One night Don ran into John Grosh, a research engineer at the now long-defunct RCA research labs in Lancaster. John was at the bar conversing in Spanish with a couple of migrant workers that came in most evenings. Don took this as an opportunity to practice his Spanish -- ahem, among other things -- and joined in on the conversations. One night Don told John that he wanted to get into HiFi but didn't know how to go about it. John told him he should build his own and recommended that Don build a Heathkit W5-M, a 25-watt amp based on KT66 tubes. This was before stereo so the kit was a mono amplifier. When stereo became popular, Don put his new-found kit building skills to work and built another W5-M for a stereo pair. Over time, Don relegated the W5-Ms to the closet and replaced them with transistor gear "like everyone else had".

In the late 1980s or perhaps early 1990, Don realized that his solid-state gear didn't sound too good. Don got out his old W5-M amplifiers and found that they sounded better. While Don was thinking about how his transistor gear was bested by his old W5-M amplifiers, his friend John called up Don to tell him about his "new" Western Electric 91-A amps. John had just been given a pair of Western Electric 91-A 300B movie theater amplifiers by a friend who worked at Bell Labs. John said "You've got to hear this!" Don met with John to hear the Western Electric 91-As. They were "nice and scabby looking," recalls Don, "and looked like they'd been strapped onto projectors for 30 years and probably had been." When they fired up John's system with the Western Electrics, it sounded great and more importantly, played music with abandon.

Nobody was building SETs in America yet. Herb Reichert and JC Morrison -- who would later become famous for their work with SETs -- were devotees of the work of Arthur Loesch at the time. Then Noriyasu Komuru started building amps as did Gordon Rankin and Don was experimenting with 2A3 amplifiers. Once again the fires of SETs had been lit to burn in the consciousness of American audio.

News of SETs began to percolate into the American HiFi scene, nicely coinciding with the beginning of a trend of an increasingly disgruntled audio everyman who saw prices for good quality equipment spiral out of financial reach. In the 1970s, high quality audio was perceived to be generally

available to a wide economic cross section of the populace and many could share in the fun with some sense of equity. As the economic gap between consumer audio and high performance audio widened in the 1980s and 1990s, an audio high end evolved with an image of providing toys for the rich and excluding the audio everyman who wanted to join in the fun. Audio everymen wanted more access to good gear and less exclusionary pricing, more fun and camaraderie in the hobby and less snobbery and aloofness, more "sound of live music" reality and less emphasis on HiFi sound effects - and they considered cheapness an essential virtue.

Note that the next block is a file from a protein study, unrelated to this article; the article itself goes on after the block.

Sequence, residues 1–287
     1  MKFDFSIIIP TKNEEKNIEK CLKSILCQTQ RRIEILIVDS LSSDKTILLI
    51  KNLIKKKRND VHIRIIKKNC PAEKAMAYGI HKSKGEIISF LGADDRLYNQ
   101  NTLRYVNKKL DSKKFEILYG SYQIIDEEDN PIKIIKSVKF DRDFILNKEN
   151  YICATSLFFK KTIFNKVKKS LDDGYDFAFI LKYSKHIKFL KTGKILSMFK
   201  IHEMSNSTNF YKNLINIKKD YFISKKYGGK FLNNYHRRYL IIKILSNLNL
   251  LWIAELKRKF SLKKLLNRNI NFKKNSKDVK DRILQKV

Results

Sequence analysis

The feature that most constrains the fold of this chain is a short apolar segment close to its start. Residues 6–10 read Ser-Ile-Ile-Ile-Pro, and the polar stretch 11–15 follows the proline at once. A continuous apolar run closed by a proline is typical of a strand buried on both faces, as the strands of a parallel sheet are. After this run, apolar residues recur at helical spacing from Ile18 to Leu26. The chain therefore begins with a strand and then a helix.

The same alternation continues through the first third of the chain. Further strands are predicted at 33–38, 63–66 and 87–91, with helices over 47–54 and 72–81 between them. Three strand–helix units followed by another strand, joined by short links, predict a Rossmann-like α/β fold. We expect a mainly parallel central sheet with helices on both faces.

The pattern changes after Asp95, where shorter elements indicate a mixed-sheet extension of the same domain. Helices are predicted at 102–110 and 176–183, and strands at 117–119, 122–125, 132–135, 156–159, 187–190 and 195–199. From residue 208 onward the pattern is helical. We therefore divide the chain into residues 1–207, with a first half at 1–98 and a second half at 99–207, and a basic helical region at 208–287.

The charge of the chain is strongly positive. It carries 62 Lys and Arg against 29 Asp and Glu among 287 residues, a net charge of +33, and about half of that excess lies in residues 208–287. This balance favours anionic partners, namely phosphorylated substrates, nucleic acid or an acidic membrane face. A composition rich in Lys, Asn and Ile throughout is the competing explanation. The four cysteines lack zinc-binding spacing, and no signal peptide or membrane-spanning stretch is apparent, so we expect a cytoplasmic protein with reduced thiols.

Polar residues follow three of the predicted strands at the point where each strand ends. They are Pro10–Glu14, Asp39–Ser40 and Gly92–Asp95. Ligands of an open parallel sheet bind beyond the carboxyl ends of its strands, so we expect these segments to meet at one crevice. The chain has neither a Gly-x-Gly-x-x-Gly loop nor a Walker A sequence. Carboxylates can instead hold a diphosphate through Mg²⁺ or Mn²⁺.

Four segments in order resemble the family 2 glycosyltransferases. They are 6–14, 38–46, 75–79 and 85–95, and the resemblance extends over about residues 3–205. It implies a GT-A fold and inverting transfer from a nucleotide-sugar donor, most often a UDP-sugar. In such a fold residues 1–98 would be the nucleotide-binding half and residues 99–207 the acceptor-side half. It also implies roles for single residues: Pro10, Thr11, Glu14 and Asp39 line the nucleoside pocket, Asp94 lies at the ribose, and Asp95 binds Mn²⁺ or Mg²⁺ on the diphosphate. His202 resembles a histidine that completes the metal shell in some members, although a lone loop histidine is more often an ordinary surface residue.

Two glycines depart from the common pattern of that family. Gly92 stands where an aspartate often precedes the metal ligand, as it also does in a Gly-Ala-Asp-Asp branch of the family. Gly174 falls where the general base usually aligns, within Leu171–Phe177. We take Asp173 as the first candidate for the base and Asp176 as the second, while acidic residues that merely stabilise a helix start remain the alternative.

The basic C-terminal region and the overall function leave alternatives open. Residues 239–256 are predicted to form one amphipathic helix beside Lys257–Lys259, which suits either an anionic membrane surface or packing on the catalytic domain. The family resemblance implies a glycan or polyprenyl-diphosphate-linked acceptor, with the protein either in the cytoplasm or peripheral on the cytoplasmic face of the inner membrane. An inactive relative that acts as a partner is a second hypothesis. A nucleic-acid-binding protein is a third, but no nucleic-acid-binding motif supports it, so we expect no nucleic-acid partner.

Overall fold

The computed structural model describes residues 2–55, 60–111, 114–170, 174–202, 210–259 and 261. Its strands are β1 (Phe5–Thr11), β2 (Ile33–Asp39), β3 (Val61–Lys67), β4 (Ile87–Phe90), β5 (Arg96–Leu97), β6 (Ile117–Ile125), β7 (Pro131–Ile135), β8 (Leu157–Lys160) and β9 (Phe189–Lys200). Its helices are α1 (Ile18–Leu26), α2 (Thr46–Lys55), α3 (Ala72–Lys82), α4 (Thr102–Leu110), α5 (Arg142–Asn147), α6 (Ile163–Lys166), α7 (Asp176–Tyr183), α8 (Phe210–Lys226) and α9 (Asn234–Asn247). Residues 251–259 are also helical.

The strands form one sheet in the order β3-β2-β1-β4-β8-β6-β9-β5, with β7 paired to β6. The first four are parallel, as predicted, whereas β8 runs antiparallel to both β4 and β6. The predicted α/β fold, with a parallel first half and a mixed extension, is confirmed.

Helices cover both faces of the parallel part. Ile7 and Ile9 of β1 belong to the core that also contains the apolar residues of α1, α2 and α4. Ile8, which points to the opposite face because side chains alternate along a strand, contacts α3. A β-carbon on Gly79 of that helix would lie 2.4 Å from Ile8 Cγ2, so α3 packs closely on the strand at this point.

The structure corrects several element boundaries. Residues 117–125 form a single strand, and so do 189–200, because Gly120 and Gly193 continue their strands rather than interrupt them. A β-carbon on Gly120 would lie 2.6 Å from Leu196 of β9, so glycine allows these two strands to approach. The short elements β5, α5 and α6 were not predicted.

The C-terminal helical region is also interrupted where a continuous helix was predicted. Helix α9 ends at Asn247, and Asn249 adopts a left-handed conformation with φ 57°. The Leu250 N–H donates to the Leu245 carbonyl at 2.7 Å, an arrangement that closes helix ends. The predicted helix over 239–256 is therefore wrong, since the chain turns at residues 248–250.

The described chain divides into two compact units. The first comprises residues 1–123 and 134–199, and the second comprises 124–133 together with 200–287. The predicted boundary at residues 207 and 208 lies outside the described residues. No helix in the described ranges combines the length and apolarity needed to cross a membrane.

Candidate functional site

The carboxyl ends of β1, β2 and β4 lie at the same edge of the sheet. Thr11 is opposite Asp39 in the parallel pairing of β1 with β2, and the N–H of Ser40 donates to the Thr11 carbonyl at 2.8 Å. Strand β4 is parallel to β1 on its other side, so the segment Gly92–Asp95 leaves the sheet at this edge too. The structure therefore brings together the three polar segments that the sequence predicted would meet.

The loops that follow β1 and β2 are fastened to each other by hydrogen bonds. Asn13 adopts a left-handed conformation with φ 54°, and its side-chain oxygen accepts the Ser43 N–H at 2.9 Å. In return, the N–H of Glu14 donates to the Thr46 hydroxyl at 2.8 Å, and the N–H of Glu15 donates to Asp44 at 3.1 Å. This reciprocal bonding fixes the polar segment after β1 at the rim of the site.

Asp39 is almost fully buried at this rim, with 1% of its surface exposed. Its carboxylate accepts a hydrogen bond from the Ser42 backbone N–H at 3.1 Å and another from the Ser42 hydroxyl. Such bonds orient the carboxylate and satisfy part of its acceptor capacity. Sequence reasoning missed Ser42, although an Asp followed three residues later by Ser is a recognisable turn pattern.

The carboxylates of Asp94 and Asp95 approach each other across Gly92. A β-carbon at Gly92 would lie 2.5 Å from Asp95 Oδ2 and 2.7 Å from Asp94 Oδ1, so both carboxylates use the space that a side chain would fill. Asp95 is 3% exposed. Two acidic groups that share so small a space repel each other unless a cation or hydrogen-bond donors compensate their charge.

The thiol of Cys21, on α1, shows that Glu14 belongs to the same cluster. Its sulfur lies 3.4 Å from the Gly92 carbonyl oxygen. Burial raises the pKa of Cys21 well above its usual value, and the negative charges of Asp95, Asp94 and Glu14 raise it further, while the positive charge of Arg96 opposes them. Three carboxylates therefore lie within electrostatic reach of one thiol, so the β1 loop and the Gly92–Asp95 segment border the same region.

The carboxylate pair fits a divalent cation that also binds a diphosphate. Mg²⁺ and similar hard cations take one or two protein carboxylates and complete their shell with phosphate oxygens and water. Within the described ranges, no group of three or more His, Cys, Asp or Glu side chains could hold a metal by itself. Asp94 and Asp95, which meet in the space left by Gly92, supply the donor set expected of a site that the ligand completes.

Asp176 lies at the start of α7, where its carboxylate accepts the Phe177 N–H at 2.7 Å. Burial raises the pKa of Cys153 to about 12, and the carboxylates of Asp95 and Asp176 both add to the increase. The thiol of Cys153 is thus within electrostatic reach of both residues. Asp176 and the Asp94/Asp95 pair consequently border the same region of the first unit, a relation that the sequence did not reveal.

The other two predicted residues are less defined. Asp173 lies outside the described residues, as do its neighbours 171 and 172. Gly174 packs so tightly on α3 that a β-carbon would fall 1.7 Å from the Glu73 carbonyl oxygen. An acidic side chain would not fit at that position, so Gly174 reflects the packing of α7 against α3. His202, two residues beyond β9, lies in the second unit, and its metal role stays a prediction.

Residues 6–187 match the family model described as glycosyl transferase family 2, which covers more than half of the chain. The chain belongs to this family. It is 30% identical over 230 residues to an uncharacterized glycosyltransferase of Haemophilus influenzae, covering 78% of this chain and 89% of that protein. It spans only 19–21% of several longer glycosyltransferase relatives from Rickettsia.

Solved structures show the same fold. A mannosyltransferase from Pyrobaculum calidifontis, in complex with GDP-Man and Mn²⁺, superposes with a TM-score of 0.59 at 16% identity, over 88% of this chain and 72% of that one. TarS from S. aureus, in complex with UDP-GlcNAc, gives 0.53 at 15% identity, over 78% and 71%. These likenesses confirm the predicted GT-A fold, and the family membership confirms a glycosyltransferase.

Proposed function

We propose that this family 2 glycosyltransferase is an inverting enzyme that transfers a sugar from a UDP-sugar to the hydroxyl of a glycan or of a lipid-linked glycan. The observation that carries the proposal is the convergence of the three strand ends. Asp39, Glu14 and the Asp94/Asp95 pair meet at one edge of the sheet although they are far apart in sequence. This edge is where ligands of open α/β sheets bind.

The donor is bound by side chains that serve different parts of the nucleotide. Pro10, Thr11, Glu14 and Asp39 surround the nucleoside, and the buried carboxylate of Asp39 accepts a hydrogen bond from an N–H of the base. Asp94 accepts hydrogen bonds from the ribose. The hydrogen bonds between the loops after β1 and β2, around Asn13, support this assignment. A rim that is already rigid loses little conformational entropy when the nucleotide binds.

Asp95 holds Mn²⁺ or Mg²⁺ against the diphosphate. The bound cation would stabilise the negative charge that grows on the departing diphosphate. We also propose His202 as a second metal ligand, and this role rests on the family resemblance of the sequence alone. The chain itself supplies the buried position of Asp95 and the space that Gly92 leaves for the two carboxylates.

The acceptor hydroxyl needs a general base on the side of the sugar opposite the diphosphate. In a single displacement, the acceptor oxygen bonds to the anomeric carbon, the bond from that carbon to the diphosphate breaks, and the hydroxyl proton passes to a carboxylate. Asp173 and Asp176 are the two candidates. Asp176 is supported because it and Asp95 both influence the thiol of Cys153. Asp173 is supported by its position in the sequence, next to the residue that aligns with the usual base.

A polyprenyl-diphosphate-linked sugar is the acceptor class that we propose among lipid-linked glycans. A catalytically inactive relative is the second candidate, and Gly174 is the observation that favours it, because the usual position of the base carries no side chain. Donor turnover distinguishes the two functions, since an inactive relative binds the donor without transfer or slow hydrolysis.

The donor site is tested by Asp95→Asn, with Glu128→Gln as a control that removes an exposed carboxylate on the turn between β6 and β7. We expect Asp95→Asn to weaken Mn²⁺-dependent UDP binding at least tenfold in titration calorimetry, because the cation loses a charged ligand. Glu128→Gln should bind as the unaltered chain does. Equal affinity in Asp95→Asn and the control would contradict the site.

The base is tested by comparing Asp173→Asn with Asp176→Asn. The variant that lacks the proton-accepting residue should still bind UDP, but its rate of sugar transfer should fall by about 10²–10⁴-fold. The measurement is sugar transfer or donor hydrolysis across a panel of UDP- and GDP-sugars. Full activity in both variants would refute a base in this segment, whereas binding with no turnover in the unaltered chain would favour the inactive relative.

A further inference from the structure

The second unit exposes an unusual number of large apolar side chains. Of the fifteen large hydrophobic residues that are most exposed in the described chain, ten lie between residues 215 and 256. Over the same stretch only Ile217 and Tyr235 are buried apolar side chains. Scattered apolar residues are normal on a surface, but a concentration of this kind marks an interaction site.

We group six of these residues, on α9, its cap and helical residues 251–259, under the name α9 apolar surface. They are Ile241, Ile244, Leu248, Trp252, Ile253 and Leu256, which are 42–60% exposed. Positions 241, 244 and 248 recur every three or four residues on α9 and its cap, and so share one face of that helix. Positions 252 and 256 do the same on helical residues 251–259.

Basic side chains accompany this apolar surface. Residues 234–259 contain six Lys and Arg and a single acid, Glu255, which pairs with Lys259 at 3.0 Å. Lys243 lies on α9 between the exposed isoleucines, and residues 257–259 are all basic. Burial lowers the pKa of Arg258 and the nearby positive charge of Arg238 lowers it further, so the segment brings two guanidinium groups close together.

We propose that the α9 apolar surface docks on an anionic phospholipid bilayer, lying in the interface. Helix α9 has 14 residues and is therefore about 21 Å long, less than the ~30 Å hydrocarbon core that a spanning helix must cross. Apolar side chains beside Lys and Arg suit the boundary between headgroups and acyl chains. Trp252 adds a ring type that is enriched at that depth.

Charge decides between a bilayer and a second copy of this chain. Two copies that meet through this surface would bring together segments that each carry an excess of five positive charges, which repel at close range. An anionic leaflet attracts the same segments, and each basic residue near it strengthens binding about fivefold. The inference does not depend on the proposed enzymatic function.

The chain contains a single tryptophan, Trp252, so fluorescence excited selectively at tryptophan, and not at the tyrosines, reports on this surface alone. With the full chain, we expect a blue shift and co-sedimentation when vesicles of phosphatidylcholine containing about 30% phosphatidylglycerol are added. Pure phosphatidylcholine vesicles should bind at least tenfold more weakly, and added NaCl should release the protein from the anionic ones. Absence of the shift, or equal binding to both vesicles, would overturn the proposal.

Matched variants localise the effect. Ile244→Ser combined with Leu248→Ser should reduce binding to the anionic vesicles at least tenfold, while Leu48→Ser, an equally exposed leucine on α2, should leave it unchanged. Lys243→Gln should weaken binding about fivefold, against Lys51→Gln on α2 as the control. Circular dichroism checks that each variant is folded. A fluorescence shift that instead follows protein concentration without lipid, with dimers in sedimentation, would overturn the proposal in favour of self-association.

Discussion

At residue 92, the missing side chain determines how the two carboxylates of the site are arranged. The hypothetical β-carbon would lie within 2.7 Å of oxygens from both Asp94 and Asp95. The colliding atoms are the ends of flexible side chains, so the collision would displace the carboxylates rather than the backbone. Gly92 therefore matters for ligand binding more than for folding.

In 1992, Don saw a little storefront for rent on 30 Watts Street while out for a walk through Soho in Manhattan - a little triangular space that was pretty nice [see above]. Don rented the store and fixed it up and called it Fi -- short for HiFi -- and began to resell vintage gear and the first single-ended amplifiers made in America. There was a placard in the window that read:

By that time Herb Reichert had built a 300B amp that he had in the store, and JC Morrison built a 6B4G (like a 2A3) that was in a big mahogany plinth with black powder-coated chassis that was really attractive. JC also made it available in an EL34 version. It was a beautiful amplifier but it never sold. About that time Gordon Rankin built an 845 amplifier and it sold, and if Don recollects correctly, it was Gordon's first SET sale. People drifted in and out of

Fi, with Noriyasu Komuru the only one who stayed around to actually work the store with Don for a while. The Fi store was making enough money to stay open but not really enough to make it worthwhile for all the work involved. About that time, the Sound Practices magazine was launched and Don advertised in it and sold two more amplifiers to enthusiasts on the West Coast. Don's first Sound Practices advertisement featured designs by Tim de Paravicini, Noriyasu Komuro, JC Morrison, Gordon Rankin and Herb Reichert. It proclaimed: "Triode amplifiers (45, 50, 211, 300B, 845), occasional pentodes, pipedreams, sirens, lollipops and Yoshinos" [see below].

The Birth of the Fi 2A3 Stereo Amplifier
At that time Don began to think that he might be able to do better just selling amplifiers. Don had been experimenting with 2A3 circuits and tried just about every circuit extant. He finally found one he really liked and began to make it simpler and simpler. Every time he made it simpler, it sounded better.